Still, the involvement of Indians in
seemed impossible. But in 1988, the
any time, the Coquille remain vulnera-
major universities not only increased
anthropology has been slow to take
tribe found a surprising solution. In
ble. Tribal elders told Younker that
recruitment of native scholars, but
hold, as has tribal trust in those
collaboration with Dr. Roberta Hall, an
what his people needed were anthro-
also adapted quickly to changes in
members who pursue the discipline.
pologists who would work to defend
University, eleven members of the
the tribe against termination. For their
"Initially, we had this na路lve idea as
tribe traveled to Washington, D.C., to
own protection, they told him, he
faculty members that we would bring
fight for federal recognition. Thanks in
would need to become the expert.
"1 always introduce myself as, 'I'm Jason Younker. I'm a Coquille Indian. 1
Then, one day there was a great tidal wave, and everybody rushed to their canoes. Those who had prepared themselves had long ropes and were able to tie themselves to trees. The tidal wave swept the others away.
an anthropologist for our tribe.'
For the Coquille, anthropology is
non-Indian scholars. By the end of the second trip in 1999, 110,000 documents returned with
University's Special Collections and University Archives, the documents are
Oregon Research Project (SWORP). Still, there is more history in the
indigenous peoples here and we would
Usually the reaction is"-his eyes bug
now the rope and "official" docu-
archives to be reclaimed. Just across
large part to Hall's testimony, the tribe
And anthropology was changing to
teach them how to do anthropology,"
out, and he makes a gasping, choking
ments are its stoutest trees.
from where the scholars found the doc-
received federal recognition a year
make room for American Indians. In the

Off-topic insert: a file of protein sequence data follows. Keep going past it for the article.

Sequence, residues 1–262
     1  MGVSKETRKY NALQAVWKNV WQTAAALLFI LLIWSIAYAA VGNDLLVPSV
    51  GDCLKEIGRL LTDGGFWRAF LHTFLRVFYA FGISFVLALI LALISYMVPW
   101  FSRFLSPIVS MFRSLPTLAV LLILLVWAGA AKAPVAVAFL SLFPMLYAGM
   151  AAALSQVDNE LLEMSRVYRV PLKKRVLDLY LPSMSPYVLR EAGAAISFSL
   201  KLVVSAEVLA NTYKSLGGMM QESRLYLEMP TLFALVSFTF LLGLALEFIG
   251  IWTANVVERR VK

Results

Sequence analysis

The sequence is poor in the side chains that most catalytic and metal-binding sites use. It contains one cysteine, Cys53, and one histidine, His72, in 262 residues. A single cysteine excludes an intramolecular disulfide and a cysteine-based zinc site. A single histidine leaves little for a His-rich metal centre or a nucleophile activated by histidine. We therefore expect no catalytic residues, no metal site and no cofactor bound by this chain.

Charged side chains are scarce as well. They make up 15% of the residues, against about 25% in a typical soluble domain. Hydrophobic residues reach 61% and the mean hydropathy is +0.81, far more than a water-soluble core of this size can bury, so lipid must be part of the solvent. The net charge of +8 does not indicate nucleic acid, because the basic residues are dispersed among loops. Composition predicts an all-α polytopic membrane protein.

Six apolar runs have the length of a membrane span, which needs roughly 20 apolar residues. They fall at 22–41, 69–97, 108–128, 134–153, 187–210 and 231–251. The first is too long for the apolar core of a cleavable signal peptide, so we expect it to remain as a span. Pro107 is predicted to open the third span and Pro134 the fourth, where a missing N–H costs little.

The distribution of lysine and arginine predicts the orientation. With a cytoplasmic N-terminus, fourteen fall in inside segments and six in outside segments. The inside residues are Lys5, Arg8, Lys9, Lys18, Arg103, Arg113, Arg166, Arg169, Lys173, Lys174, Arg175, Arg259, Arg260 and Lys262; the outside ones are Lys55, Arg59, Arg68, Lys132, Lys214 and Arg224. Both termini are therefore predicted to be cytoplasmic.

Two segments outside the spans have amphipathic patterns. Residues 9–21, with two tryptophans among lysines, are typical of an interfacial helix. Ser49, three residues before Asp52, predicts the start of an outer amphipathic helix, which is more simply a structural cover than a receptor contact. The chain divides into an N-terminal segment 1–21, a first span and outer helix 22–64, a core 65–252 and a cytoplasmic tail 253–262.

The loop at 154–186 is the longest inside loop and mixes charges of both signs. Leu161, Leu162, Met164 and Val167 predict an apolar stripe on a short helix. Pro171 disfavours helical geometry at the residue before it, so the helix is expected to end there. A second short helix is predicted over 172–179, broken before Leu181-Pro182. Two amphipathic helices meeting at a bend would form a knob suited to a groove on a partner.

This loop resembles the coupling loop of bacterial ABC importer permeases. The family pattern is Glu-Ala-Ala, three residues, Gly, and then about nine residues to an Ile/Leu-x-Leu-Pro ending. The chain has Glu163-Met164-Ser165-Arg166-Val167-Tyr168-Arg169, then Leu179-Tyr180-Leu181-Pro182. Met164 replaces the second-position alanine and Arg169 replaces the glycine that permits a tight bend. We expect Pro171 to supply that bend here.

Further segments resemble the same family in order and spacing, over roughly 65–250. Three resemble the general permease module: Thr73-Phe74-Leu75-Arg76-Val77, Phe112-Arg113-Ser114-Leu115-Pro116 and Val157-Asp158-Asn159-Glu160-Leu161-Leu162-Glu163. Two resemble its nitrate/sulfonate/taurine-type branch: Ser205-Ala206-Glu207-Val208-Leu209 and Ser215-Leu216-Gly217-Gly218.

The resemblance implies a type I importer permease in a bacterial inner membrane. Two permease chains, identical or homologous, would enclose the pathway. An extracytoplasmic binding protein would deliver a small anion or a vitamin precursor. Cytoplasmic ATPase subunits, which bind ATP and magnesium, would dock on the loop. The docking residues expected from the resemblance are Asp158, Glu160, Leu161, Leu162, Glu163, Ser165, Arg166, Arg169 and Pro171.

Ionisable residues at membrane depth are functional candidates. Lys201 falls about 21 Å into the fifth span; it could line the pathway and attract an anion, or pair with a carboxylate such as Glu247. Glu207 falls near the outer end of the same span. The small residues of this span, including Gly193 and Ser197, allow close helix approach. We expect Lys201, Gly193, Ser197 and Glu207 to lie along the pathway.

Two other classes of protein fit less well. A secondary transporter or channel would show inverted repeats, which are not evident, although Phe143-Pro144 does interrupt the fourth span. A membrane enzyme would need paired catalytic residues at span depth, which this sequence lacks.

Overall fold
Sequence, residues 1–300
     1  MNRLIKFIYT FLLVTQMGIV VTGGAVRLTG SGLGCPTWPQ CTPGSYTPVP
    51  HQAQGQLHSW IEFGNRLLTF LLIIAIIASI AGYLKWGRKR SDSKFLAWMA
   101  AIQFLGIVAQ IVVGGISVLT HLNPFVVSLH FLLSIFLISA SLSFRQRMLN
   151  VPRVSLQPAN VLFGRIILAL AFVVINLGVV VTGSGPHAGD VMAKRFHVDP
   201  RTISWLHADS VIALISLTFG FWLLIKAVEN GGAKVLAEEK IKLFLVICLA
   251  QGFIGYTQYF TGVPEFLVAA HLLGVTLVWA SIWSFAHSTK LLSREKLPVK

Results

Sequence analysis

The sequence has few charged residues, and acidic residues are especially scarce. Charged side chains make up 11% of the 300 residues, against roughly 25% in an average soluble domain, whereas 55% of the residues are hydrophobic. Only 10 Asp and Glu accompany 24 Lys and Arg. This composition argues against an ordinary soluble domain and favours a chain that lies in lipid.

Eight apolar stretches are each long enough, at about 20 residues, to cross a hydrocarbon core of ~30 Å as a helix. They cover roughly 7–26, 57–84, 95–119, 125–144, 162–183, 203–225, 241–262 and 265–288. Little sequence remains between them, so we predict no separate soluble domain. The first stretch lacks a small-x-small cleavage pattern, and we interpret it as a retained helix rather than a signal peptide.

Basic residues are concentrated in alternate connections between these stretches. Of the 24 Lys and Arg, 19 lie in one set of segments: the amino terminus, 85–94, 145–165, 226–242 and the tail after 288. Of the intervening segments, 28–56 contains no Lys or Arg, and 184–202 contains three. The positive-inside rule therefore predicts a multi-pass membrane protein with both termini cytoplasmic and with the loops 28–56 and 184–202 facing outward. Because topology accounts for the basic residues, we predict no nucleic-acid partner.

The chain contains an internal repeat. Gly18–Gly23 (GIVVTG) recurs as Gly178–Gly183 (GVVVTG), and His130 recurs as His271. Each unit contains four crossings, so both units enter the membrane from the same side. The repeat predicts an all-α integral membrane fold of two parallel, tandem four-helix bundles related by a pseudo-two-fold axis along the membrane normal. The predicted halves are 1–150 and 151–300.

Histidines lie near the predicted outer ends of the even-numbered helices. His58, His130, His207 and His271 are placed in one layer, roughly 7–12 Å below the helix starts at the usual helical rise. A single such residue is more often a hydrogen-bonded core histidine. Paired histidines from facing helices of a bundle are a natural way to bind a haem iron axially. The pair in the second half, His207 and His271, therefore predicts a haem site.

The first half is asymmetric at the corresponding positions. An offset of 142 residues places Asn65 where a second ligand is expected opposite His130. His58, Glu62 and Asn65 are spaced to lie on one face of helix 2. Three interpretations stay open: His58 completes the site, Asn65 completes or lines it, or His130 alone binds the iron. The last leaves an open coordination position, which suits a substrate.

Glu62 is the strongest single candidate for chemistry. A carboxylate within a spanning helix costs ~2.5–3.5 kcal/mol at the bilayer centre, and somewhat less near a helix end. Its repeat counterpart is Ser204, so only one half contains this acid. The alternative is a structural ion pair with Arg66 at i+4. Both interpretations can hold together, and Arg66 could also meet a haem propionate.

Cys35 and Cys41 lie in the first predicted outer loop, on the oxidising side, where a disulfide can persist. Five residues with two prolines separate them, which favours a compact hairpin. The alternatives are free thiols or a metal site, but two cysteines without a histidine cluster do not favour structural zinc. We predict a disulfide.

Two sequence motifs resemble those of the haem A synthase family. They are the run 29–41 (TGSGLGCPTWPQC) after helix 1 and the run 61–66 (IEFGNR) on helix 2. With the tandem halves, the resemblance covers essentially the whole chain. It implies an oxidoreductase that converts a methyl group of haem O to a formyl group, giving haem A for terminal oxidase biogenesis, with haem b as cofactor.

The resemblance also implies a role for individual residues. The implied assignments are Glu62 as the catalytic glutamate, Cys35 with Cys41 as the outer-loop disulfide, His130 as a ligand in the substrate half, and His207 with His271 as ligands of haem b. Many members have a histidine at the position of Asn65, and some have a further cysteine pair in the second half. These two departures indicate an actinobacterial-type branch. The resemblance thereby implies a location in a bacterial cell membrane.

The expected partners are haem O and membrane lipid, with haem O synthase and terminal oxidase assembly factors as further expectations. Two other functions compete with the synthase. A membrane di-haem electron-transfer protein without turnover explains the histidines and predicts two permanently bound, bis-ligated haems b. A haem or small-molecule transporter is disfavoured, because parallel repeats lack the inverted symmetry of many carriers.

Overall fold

says Dr. Jon Erlandson, an anthropology
sound-"'Youlre an anthropologist?!'"
later. Anthropology-the field that
years since the civil rights movement,
professor at the University of Oregon.
Despite the distrust, Dr. George
had betrayed the Coquille in the
more non-native anthropologists had
"What's really happened is that these
Wasson, another Coquille anthropol-
sonal research. Among the massive
matter where the researchers went in
past-had proved itself an ally.
become aware of the field's negative
people have come and taught us how
ogist, has been instrumental in
of the National Anthro-
the maze-like collections, they found
effects on indigenous groups and
to do anthropology, how to respond
reminding Younker why it is important
pological Archives and the National
themselves going back and forth
worked to change that relationship.
better to the needs of the people we're
for him to pursue his work. Recently,
Archives in Washington, D.C., he stum-
through rows of tribal ancestors.
he took Younker high on a hill near
bled across the first of what would
Younker left for college a terminated Indian and returned a federally rec-
In the 1970s, Wasson had made an
uments were boxes of human remains
astounding discovery while doing per-
from the Southern Oregon coast. No
It is this need for control of tribal
the Pistol River. As a fog bank rolled
prove to be be thousands and thou-
history and, in turn, tribal destiny that
in, the two men sat overlooking the
sands of documents pertaining to
"I ALWAYS INTRODUCE MYSELF AS, 'I'M JASON YOUNKER. I'M A COQillLLE INDIAN. I'M AN ANTHROPOLOGIST FOR OUR TRIBE.' USUALLY THE REACTION IS 'YOU'RE AN ANTHROPOLOGIST?!'"
ocean and Wasson related a story-a
Oregon tribal history. Compiled by
"Il m not defeated by history,"
story Younker sees as parallel to the
ethnographers, historians and linguists,
Younker says. "1 would live a very mis-
way the tribe has lived:
some of these critical notes were the
erable life if I were just to focus on all of
A long long time ago the old people said, "1 think we should start making long ropes because sometime therels going to be a great earthquake, and therels going to be a great tide. We don't want to be unprepared." They kept telling the younger generation, "We can tie our. canoes up, and then we wonlt get swept away." Well, of course the younger generation paid no attention. "Itls just a waste of time," they said. "We could be out fishing." Well, the old folks, they kept making ropes, and some of the younger generations helped them.
very sources that had been used